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Inside this Issue:

1. Questions and answers about child eczema and mom's hand eczema
An Interview with Dr. Katie Fine, Pediatrician

“After my son was born, he developed eczema on his face. I didn’t mind using the mild steroid creams but it would come right back and I didn’t want to use the steroid cream all the time. As I started using it on him my own hand eczema got better.”
Click here to read the entire article.

2. Mother's frustration with baby's facial eczema ends

“I realize that there are many parents searching for something to relieve the discomfort that accompanies this skin condition. Therefore, I am determined to share my experience!”
Click here to read the entire article.

3. New study suggests both anti-irritant and UVB protection as benefits of Proteque use

Dr. Nancy Monteiro-Riviere, Professor of Investigative Dermatology at North Carolina State University, studied a common irritant found in many shampoos and soap products – sodium lauryl sulfate. Proteque helped prevent irritation. Also the study suggested it has the ability to reduce irritation after exposure to a common irritant. It can also protect against the sun’s damaging UVB rays.
Click here to read the entire article.

4. Hand eczema comes in many different forms

If your hands are red, and peel, crack or flake easily you may know you suffer from hand eczema, also known as hand dermatitis. But did you know that you could suffer from the disease even if your hands show no obvious signs?As Dr. Laura Skellchock, clinical associate professor of dermatology at the University of California, San Francisco writes in Skin Care Today, “people whose hands are sensitive, sting or burn easily and generally feel uncomfortable might also be suffering from eczema.”
Click here to read the entire article.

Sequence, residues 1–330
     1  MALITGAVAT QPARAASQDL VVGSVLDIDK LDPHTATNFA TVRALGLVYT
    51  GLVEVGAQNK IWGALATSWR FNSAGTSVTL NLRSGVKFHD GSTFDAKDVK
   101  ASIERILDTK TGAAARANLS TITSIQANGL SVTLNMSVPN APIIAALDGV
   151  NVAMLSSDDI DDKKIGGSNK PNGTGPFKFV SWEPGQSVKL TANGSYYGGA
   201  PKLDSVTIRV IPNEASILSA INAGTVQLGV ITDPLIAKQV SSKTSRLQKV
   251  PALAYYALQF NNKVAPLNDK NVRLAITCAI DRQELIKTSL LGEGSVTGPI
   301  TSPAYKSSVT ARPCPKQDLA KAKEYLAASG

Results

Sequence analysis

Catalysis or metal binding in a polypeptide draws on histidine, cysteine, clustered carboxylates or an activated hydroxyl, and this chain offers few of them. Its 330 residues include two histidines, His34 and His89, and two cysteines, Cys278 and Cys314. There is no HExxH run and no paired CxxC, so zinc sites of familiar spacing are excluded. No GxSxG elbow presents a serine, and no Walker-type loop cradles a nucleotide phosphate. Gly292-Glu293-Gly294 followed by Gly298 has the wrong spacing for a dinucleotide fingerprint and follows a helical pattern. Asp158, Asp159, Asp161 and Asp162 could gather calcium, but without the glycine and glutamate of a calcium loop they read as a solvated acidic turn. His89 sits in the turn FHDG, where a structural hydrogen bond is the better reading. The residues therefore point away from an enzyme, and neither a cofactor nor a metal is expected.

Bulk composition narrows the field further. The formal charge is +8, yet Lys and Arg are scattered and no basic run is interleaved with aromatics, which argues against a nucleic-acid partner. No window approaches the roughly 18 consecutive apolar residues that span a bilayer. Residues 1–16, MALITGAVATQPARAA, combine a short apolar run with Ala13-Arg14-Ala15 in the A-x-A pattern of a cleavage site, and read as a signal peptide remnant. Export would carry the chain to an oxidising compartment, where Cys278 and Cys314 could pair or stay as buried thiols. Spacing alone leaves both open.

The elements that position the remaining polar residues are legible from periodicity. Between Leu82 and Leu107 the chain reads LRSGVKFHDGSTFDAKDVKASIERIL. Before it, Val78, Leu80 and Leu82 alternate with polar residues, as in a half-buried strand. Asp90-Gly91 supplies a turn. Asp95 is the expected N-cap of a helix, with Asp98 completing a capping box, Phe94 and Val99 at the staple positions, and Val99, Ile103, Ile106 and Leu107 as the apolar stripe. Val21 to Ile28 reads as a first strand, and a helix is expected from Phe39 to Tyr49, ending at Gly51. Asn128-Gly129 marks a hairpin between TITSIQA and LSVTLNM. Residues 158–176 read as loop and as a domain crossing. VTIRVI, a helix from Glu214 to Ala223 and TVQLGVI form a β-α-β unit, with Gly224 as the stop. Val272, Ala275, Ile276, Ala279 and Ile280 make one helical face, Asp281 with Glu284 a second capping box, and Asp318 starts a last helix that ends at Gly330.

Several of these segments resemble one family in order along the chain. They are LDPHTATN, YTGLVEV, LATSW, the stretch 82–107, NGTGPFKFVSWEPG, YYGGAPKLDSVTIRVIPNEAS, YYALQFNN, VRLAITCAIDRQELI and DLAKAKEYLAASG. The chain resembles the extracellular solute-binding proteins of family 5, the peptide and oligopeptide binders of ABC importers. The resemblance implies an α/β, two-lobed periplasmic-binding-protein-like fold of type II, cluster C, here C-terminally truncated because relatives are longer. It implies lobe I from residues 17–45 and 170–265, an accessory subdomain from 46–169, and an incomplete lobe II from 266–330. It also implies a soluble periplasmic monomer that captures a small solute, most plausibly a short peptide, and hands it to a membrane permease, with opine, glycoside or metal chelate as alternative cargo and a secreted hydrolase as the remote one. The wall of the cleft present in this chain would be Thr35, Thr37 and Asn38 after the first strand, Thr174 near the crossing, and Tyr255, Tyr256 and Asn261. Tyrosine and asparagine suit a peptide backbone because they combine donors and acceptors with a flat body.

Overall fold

5. Protèque’s Recommended Internet Links

MEDLINE is a research web site sponsored by the U.S. government that provides online access to a wealth of research related to all medical topics including eczema. To access the full MEDLINE go to: http://www.ncbi.nlm.nih.gov/PubMed/ .

Readers of this newsletter can get more information by exploring the Consumer Education or Physician Education sections including education and links to other sites. Go to our homepage at www.proteque.com

Do you have a question about controlling eczema or dermatitis? E-mail us at patty.brachman@proteque.com or call 800-953-9250 toll free. We’ll pass the question along to our panel of medical experts and post the answer on our web site.

 


1.  Questions and answers about child eczema and doctor's hand eczema - Dr. Katie Fine, Pediatrician

Dr. Katie Fine is a pediatrician at North Raleigh Pediatric Group in Raleigh, N.C. A graduate of Furman University, she earned her medical degree from Northwestern University, and completed her residency at Johns Hopkins Medical Center.

When did you start experiencing eczema?

One winter while I was in medical school I developed follicular eczema (a form of the disease that looks like bumps.) It was the result of the dry indoor heat and the need to constantly wash my hands.

How did you treat it?

With a steroid cream. At night I would smear on a thick layer of Vaseline and put on gloves.

When did you start using Proteque?

After my son was born. He developed eczema on his face. I didn’t mind using the mild steroid creams but it would come right back and I didn’t want to use the steroid cream all the time.  As I started using it on him my own hand eczema got better.

Why not just keep using the steroids?

There are side effects. Thinning of the skin is the big one. There can be changes in the skin that make it unattractive or more susceptible to complications. For children, there are also growth issues. With oral or inhaled steroids, growth can be affected. While that has never been proven with topical steroids, minute amounts probably do get in the bloodstream.

How is Proteque different than other non-steroid over-the-counter products?

I like the way it sinks into the skin so rapidly. It made David’s skin feel very soft without the greasiness of lotions or ointments. For children in diapers, it’s good because traditional creams wreck the effectiveness of the sticky tabs that hold the diaper on.  And, of course, it also has none of the harmful side effects of steroid creams.